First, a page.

Wow!  Something that I have struggled to express and explain for many years has come together in a simple explanation within just two chapters in this book.  I almost cried from the revelation (I still might).   
Siddhartha was not what I expected.  Just the title and the cover told me everything (or so I thought).  It's not what you think.  This isn't the story of the Buddha, it's a story about a man named Siddhartha.  He still has a spiritual journey and it is quite similar to the Buddha but their enlightenment is achieved in very different ways.

   "When Siddharta listened attentively to this river, to this song of a thousand voices; when he did not listen to the sorrow or laughter, when he did not bind his soul to any one particular voice and absorb in his Self, but heard them all, the whole, the unity; then the great song of a thousand voices consisted of one word: Om-perfection."
                                                                                Siddhartha by Herman Hesse

It is such a beautiful sentence, so deep and sigificant, piercing into my heart. It makes me want to weep with joy. It would take me years, probably my lifetime, to explain everything that is in my heart, how I see the world and everything in it.  Though I have not really tried to reveal that to anyone, that inner Self, just tried to show it by deeds instead.  I have tried to 'be' the world I wish to see, and be true to my beliefs by acting in a certain way.  It's very personal and vitally important for everyone all at the same time, because understanding the nature of myself, is the first step to finding my heart and being able to share what I am.  But that's okay... I don't expect anyone to understand or see the world as I do, which is part of the whole as I see it anyway, it's that infinite diversity thing (no comments from the peanut gallery thanks).  Which impresses me more about Siddhartha because it is so much of what I would like to say, and what I want in an ideal world.  But don't take my word for it, read the book!

Wednesday, May 22, 2013


Silly, silly me, I did not find out first if this was part of a series.  Not that I mind... it just means that it will be a re-read at a later date after I have bought the rest. 
I read this because it was a Nebula winner, and you can take it from me that this book has earnt it's laurels.  I have never read Connie Willis before and I enjoyed myself so much that I want to collect the rest of her books and read them in the order intended.  While reading this book there were many references to things that I realise now were from past books and not from further along in this one... right up to almost the very end (the third last page!) I had expected this to conclude, and boy was I surprised that it was not so.  It's my own fault... internet access for me is spotty at best and taking the time to do the research before-hand has not been an appealing prospect.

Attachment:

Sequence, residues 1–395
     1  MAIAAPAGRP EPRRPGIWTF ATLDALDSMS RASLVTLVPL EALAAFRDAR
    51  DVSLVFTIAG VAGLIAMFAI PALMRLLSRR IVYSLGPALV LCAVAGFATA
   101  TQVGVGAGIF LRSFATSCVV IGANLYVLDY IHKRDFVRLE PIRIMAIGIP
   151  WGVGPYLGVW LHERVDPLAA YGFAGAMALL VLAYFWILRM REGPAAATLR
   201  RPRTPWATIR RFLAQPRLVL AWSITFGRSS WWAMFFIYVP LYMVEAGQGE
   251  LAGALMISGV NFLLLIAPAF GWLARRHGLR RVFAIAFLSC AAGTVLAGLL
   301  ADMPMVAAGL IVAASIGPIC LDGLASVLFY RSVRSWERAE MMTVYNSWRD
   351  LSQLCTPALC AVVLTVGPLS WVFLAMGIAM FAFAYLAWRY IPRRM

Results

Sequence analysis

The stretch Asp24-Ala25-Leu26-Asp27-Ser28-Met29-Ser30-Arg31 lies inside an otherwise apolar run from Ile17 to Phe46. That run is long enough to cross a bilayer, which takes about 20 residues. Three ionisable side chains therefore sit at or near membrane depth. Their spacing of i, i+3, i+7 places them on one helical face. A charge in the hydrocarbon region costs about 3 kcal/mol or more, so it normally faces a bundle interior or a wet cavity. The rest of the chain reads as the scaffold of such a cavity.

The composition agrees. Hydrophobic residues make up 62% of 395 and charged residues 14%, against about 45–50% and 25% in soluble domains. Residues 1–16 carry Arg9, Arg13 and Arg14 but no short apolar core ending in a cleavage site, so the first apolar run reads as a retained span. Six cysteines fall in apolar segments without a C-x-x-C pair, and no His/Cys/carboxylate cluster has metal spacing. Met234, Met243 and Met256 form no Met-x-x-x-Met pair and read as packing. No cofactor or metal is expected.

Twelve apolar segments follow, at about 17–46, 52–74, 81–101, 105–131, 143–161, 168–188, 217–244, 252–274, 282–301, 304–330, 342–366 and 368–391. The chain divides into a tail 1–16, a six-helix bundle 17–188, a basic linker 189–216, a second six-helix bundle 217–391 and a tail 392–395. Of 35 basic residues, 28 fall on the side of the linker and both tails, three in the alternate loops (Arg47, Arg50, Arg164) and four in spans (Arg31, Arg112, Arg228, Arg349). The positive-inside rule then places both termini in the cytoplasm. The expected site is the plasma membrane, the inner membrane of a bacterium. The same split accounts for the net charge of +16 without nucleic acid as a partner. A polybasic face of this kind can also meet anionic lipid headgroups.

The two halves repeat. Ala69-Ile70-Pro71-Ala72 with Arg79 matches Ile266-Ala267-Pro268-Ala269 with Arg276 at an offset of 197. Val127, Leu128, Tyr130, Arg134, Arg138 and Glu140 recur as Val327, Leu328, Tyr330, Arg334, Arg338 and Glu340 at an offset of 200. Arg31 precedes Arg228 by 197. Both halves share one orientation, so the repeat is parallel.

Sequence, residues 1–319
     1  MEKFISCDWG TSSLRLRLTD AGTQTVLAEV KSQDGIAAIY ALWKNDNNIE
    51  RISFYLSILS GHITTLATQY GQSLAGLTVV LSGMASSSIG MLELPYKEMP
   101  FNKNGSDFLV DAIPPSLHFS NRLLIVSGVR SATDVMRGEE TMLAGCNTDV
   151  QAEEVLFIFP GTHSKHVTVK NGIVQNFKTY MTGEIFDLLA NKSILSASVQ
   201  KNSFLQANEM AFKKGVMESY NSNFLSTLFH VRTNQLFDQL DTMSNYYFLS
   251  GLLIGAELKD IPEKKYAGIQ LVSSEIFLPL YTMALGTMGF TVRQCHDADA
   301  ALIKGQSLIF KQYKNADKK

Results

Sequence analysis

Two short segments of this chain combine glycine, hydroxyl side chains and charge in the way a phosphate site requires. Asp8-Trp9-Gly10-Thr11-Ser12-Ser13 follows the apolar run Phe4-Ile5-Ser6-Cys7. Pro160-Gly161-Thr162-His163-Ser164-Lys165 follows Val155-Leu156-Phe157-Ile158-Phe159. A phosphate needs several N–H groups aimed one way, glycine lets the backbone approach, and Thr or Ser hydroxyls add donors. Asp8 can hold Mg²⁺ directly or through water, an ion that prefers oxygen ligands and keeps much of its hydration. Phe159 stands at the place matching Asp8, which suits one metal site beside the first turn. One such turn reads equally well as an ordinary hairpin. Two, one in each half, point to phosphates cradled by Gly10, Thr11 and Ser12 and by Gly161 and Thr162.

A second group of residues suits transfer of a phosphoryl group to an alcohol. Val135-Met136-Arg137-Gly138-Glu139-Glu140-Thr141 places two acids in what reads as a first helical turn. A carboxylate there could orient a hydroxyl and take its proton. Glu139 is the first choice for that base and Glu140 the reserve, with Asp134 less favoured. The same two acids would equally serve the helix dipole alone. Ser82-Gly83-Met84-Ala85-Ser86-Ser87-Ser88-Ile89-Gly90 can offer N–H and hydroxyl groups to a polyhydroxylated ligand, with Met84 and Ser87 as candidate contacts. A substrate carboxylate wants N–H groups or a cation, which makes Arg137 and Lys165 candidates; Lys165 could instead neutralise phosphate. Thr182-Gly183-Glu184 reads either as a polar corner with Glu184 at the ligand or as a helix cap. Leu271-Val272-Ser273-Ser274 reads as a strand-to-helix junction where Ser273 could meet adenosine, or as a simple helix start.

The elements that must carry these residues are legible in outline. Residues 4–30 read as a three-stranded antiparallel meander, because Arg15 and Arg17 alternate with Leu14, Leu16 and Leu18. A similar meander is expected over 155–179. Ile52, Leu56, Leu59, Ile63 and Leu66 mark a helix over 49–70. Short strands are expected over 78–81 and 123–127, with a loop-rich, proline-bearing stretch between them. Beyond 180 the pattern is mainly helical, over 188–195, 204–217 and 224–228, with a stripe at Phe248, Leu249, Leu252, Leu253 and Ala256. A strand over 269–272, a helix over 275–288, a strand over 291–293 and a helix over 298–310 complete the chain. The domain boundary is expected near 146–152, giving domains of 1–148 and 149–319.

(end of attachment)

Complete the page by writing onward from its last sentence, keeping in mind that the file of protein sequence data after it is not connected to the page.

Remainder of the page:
What is appealing, however is reading the rest of these stories and whatever else Willis has written. 

American Gods

Ever had a favourite mythology?  When I was a girl it was the Greeks.  I ransacked both the school library and the community library in my search for more about the Greek gods and goddesses, and when I was older, because these books were all in the same aisle, my love for other kinds of literature was born.  I loved to read classical literature (Plato and Aeschylus were amongst my favorites), and other plays of interest (Shakespeares tragedies and comedies).
After I read this I wanted to read some more (mythology that is).  Actually ever since The Long Dark Teatime of the Soul by Douglas Adams I have been meaning to read some Norse mythology, and after reading American Gods I find that there is just so much more out there for me to find out about.  I have heard that there will be a sequel and I will be the first one in line for that.
This is my first grown-up Gaiman book.  I was a little surprised with the colorful language, but reading further into the book, it just couldn't have been any other way.  I loved the god cameos and in particular I was really fond of Mr. Nancy.  The story was intriguing, mysterious, ugly and funny.  I am hoping that this is the literary style for Gaiman's adult books, as I really enjoyed this one and I gleefully look forward to reading the rest.  I can't help but mention (you know me I really can't help it), that I noticed the influence of Ray Bradbury in his style, and I am really impressed.  Oh and I totally knew it was in the klunker!

American Elsewhere

I had the tremendous good fortune to win this book from the Librarything Early Reviewers book group.  It was love at first sight!  While it was just an advanced copy (and could have used a bit more glue on the spine publisher chaps!), it was a pleasant handful of book, large, a little heavy and very easy to hold in your hands (nice and bendy). It was also over 660 pages of non-stop suspense, intrigue,mystery and persistent horror (meaning that I was always anxious about what was going to happen next just like watching a horror movie, and the feeling never let up…at all!), it was such a pleasure to read from start to finish.  I really didn’t want the book to end.